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Here's some work by Germany's Claudia Schmedding, whom I mentioned in passing last Thursday. These faceted slices of concrete play with dimensionality (2D vs. 3D) and transformation (stone becoming gemstone) and — I think, but don't hold me to it — their bright colours are remnants of their former lives as painted buildings and roadways.


Bonus link: these rings by Japan's Forme also have the illusion of sliced gems, as half the synthetic stones are covered under silver.

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Monday, August 4, 2008    
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If you think you love this ring now, wait 'til you see the video. This Jack-in-the-box ring is one of several mechanical wind-up rings by Australia's Helen Mok. Visit her blog to watch the rings in action! Here's another:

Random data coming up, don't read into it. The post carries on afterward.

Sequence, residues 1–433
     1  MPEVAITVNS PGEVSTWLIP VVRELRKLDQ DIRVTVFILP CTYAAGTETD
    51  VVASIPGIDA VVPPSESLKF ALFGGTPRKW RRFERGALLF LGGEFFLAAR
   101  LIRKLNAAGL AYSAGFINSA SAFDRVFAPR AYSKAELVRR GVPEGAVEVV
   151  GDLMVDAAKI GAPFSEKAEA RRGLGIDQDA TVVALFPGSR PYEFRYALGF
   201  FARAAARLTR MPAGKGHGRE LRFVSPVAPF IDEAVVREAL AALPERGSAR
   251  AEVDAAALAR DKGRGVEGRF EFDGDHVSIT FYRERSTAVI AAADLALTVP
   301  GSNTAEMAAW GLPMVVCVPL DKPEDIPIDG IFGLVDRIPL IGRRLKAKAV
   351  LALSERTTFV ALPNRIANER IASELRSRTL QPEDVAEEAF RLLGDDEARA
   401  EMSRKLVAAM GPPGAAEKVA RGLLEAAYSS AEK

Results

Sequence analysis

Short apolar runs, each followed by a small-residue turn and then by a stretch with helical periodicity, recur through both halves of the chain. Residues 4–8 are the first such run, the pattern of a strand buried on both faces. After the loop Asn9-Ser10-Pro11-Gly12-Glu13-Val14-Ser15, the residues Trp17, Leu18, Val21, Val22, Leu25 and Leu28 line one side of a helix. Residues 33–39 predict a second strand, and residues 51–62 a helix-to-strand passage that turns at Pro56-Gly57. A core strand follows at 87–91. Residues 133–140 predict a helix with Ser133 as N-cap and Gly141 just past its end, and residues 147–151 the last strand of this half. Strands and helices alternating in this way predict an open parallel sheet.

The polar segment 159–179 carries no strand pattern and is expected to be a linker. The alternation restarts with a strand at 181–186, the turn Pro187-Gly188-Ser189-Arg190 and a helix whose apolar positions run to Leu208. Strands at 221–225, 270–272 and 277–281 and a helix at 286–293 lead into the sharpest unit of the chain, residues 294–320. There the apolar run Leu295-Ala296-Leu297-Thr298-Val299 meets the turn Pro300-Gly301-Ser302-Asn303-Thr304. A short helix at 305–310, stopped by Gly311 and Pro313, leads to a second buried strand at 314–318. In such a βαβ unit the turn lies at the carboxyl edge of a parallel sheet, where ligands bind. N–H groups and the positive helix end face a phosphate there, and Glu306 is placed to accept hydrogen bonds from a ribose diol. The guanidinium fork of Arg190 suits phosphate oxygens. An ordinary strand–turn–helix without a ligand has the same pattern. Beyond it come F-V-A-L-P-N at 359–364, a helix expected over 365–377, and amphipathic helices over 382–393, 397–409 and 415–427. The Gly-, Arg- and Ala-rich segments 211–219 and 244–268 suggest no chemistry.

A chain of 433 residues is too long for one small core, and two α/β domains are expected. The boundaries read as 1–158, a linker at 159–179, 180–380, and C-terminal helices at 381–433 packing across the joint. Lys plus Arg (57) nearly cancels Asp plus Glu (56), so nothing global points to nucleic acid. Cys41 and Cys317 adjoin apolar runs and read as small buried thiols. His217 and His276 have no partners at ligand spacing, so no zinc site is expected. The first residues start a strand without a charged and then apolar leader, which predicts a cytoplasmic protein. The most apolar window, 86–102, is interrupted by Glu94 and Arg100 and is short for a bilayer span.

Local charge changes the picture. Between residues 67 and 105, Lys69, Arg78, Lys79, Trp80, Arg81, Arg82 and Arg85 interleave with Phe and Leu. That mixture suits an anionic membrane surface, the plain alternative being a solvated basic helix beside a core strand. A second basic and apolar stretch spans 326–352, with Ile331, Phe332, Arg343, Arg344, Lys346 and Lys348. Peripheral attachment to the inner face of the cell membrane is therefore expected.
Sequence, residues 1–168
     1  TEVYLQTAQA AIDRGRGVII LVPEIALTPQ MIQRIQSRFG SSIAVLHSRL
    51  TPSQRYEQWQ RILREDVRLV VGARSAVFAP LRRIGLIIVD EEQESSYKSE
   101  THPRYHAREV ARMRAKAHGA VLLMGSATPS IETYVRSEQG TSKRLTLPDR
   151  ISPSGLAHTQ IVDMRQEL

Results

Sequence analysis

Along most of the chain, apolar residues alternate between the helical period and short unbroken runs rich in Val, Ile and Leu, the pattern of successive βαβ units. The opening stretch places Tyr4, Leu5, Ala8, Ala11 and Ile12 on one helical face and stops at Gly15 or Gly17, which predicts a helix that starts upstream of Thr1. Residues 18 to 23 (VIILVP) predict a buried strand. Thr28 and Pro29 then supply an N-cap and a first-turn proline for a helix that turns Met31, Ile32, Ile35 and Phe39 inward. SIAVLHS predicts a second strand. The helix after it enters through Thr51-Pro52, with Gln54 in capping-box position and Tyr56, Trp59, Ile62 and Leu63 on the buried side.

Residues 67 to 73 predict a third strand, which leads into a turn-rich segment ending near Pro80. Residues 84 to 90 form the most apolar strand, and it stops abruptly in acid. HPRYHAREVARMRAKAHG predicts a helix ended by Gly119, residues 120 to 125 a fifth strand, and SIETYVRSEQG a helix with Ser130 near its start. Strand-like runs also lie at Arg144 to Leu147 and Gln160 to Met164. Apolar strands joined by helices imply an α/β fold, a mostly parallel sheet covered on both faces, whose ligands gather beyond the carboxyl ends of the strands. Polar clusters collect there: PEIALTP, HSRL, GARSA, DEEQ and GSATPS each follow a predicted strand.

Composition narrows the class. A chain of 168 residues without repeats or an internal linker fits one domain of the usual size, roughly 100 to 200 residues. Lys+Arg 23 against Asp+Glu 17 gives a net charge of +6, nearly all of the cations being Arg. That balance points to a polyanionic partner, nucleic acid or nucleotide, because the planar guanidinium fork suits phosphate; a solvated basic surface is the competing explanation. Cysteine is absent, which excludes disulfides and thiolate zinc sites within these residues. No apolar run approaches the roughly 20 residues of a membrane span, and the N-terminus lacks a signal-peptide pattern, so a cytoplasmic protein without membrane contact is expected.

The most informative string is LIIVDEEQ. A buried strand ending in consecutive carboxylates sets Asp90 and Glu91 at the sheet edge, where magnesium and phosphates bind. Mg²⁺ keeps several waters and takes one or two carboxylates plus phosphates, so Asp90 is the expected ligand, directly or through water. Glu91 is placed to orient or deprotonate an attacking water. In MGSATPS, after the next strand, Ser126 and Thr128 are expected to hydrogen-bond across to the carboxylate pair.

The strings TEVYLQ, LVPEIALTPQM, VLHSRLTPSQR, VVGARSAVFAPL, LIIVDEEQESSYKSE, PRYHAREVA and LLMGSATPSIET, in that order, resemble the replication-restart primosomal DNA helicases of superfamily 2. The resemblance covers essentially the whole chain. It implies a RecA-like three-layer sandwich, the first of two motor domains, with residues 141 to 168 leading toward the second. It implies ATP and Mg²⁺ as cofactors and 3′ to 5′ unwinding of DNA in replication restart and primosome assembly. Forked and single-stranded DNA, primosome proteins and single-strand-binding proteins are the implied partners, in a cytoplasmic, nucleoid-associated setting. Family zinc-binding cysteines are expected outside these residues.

And here are some rings that marry my current obsession with my childhood obsession: bouncy balls!


Bonus link: here's another rubber ball ring, this time from Germany's Steinlaub, makers of minimalist jewellery.

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Friday, August 1, 2008    
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Happy August, everyone! I hope your weekend is more in line with the ring above than with the ring below.

Double-ring version also available:

These spinning face "say cheese" rings are by N2, the playful offshoot of French jeweller Les Néréides.


Bonus link: speaking of the Nereids, here's more sea-inspired jewellery by Christian Tse for L.A. streetwear label Gourmet - NFN.